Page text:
Ntpdate is a console utility that can be used as an NTP client in various Linux distros to synchronize the local time of a host with the global time on an NTP server.
Installing ntpdate Utility in Linux
The ntpdate command is not installed by default in most Linux distributions. To install it, run the command below:
#apt-get install ntpdate
#yum install ntpdate
On Fedora-like distors:
#dnf install ntpdate
You can check the local host time with the NTP server with the command:
#/usr/sbin/ntpdate -q 0.de.pool.ntp.org
The command will return something like this:
server x.x.x.x, stratum 2, offset 54.126055, delay 0.03915
server x.x.x.x, stratum 2, offset 54.129242, delay 0.02861
server x.x.x.x, stratum 2, offset 54.126370, delay 0.02370
server x.x.x.x, stratum 2, offset 54.126370, delay 0.02185
10 Jul 12:00:01 ntpdate: adjust time server x.x.x.x offset 54.126370 sec
Offset is the time difference with specified NTP server in seconds. In our example, time on the current Linux host is 54 seconds ahead than on the reference NTP servers.
Stop the ntp service:
#service ntp stop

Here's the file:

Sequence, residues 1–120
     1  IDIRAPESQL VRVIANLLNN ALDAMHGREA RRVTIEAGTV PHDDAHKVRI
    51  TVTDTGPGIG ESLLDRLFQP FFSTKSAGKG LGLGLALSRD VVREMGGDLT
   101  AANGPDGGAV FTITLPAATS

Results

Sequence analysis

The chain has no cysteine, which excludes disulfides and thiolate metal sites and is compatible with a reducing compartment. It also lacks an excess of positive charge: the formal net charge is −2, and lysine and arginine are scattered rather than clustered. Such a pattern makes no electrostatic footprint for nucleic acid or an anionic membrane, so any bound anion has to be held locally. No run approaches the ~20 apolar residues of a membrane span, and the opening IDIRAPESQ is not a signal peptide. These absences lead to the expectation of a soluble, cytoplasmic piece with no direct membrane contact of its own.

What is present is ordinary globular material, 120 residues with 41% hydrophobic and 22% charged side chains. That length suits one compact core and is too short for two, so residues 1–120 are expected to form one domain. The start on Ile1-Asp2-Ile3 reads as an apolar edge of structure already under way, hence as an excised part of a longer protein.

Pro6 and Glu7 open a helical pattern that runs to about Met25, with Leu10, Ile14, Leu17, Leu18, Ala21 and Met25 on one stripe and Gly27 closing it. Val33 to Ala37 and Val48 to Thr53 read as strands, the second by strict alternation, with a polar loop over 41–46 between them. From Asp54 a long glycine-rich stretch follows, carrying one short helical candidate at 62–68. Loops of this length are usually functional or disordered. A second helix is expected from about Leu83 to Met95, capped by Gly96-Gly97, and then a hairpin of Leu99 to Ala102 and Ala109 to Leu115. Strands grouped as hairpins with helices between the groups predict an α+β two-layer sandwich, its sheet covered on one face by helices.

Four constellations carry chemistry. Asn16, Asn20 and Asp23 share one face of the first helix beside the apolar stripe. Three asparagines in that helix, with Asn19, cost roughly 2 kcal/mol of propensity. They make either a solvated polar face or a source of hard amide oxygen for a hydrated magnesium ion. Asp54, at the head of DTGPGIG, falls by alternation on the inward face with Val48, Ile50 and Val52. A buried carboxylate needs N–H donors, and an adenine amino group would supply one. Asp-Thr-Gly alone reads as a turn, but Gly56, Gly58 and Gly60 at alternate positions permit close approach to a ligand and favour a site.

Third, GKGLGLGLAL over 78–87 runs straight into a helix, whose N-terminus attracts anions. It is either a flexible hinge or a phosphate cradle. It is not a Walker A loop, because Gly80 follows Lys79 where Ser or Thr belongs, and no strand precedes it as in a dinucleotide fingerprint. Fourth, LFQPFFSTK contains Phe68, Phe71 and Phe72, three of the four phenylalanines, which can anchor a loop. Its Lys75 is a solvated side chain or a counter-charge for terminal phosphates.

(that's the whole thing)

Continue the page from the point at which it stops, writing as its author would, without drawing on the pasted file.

To synchronize time on a host with an NTP server once, run the following command:
#/usr/sbin/ntpdate –bs 0.de.pool.ntp.org
10 Jul 12:00:41 ntpdate: adjust time server [188.8.131.52] offset 54.231123 sec
For time synchronization, it is advisable to use the closest available NTP server from your region. A list of public NTP server pools for different regions is available here.
The ntpdate utility performed synchronization, as a result, 54 seconds were added to the local system time.
Now you can start the NTP service:
#service ntp start
To synchronize the time automatically once a day, you can create a scheduled task:
#crontab -e #00 1 * * * /usr/sbin/ntpdate 0.ca.pool.ntp.org
To automatically synchronize on Linux boot, use the command:
#crontab -e #@reboot /usr/sbin/ntpdate 0.ca.pool.ntp.org
Ntpdate Does Not Synchronize Time
If after the time synchronization with the NTP server command (for example, #ntpdate 0.ca.pool.ntp.org), you are getting the error:
11 Jul 16:05:44 ntpdate: no server suitable for synchronization found
This means that the NTP server is unavailable (although you can access Internet from the host). It is possible that UDP port 123 is blocked (check if the incoming and outgoing traffic for port UDP/123 is allowed on your Internet access gateway). In this case, you can try to synchronize the time with the help of the unprivileged port (–u key):
#ntpdate -u 0.ca.pool.ntp.org
11 Jul 16:20:14 ntpdate: step time server [184.108.40.206] offset 14.195031 sec
Another common ntpdate error looks like this:
11 Jul 16:41:02 ntpdate: the NTP socket is in use, exiting
This error means that UDP port 123 is busy by another program. As a rule, it is used by the ntp daemon.
You can stop the ntp service in Linux like this:
service ntpd stop
Now you can synchronize time using ntpdate.